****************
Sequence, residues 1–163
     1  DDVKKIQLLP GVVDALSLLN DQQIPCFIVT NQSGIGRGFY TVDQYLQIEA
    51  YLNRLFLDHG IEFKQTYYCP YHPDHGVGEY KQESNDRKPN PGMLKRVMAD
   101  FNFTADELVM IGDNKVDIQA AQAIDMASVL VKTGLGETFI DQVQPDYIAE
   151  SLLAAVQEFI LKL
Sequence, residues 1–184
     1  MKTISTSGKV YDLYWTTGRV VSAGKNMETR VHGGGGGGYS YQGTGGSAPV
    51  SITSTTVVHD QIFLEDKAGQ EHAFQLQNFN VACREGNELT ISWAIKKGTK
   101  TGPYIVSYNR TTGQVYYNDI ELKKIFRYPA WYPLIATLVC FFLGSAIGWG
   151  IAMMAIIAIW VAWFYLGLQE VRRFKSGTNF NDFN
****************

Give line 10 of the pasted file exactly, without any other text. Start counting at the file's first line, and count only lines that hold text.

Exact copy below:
   151  IAMMAIIAIW VAWFYLGLQE VRRFKSGTNF NDFN